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Barbegal carbonate imprints give a voice to the first industrial complex of Europe

Abstract : The watermill complex of Barbegal is one of the first industrial complexes in the world, and one of the largest such installations known from antiquity. It has been studied through excavations and what is known about the complex, its history and purpose, is based on the remaining stonework of mills and water installations, since no traces of the woodwork or machinery of the mills have been preserved. The archaeological museum in Arles, however, stores 142 pieces of carbonate that formed on the woodwork of the mills. We studied this material by analysis of the shape of the fragments and of stable isotopes and crystallographic fabric of selected carbonate samples. This paper presents some of the first results of this work, which shed light on the structure of the mills, repairs on the woodwork, the history of the mill complex, and on the question whether the mill chambers were open or closed. Regular repairs were made to the woodwork at variable intervals. The mill chambers were probably closed. Mill activity ended while water was still flowing over part of the woodwork, but in the open air, probably after damage to the roof structure during the third-century crisis. © 2019 Elsevier Ltd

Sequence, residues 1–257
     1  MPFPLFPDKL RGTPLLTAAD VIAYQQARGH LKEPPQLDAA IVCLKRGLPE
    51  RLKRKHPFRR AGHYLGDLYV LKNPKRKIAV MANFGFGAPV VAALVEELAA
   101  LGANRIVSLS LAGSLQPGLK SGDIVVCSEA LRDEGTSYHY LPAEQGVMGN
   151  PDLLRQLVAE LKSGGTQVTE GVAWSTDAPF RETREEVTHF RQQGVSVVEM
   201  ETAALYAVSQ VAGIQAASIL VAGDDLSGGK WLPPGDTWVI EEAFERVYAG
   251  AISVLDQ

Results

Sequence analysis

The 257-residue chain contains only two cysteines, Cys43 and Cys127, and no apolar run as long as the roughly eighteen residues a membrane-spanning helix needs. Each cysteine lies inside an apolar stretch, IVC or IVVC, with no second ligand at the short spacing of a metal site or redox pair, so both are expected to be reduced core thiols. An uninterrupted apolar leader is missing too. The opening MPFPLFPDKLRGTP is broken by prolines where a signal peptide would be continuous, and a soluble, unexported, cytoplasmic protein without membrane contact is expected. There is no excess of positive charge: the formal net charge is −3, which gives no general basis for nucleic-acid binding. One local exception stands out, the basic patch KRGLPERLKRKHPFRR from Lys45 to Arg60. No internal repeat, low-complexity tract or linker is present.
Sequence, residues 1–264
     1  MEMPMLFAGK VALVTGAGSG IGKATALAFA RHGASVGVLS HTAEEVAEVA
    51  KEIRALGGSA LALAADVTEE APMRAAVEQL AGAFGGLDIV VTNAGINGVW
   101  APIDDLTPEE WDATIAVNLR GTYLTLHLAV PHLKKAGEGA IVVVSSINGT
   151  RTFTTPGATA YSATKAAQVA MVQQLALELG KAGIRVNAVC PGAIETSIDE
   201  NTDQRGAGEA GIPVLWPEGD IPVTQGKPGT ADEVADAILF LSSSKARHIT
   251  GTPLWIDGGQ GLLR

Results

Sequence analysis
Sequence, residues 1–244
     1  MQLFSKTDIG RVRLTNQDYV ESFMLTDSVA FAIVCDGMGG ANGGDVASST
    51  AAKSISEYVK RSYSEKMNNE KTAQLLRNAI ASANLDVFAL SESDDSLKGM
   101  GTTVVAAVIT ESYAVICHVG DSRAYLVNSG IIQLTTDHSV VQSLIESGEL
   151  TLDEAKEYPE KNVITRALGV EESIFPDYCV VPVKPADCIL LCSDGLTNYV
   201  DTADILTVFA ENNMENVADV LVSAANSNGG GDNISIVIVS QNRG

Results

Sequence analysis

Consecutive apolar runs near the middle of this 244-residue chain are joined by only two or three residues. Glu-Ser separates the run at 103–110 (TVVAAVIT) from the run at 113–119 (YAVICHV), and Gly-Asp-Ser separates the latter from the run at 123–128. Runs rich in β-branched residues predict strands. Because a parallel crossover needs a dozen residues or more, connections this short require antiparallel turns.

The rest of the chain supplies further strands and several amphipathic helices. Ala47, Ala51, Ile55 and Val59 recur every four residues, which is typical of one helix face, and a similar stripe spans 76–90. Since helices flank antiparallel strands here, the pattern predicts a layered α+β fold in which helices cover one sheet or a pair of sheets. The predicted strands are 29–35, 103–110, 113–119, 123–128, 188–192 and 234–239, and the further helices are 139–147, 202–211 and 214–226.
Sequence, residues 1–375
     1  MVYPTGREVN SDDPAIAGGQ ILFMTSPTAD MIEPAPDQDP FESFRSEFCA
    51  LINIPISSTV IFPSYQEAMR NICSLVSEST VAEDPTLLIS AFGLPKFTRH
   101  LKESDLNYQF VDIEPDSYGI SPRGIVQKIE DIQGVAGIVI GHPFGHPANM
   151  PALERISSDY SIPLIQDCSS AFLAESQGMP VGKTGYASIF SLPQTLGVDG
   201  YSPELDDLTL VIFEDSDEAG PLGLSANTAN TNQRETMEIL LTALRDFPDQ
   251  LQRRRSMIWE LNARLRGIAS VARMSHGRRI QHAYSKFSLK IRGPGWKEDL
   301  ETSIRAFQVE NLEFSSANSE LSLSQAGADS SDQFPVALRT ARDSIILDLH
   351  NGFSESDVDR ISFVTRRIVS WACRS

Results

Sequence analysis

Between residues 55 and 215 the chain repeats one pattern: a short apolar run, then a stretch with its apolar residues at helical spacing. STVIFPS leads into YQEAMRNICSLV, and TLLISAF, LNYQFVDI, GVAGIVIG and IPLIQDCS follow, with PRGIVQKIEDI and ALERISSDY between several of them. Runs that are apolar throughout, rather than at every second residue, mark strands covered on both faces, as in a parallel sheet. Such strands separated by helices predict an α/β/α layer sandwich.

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Submitted on : Tuesday, May 7, 2019 - 11:37:20 AM
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Gül Sürmelihindi, Cees W. Passchier, Philippe Leveau, Christoph Spötl, Marcel Bourgeois, et al.. Barbegal carbonate imprints give a voice to the first industrial complex of Europe. Journal of Archaeological Science: Reports, Elsevier, 2019, 24, pp.1041-1058. ⟨10.1016/j.jasrep.2019.02.031⟩. ⟨hal-02122299⟩



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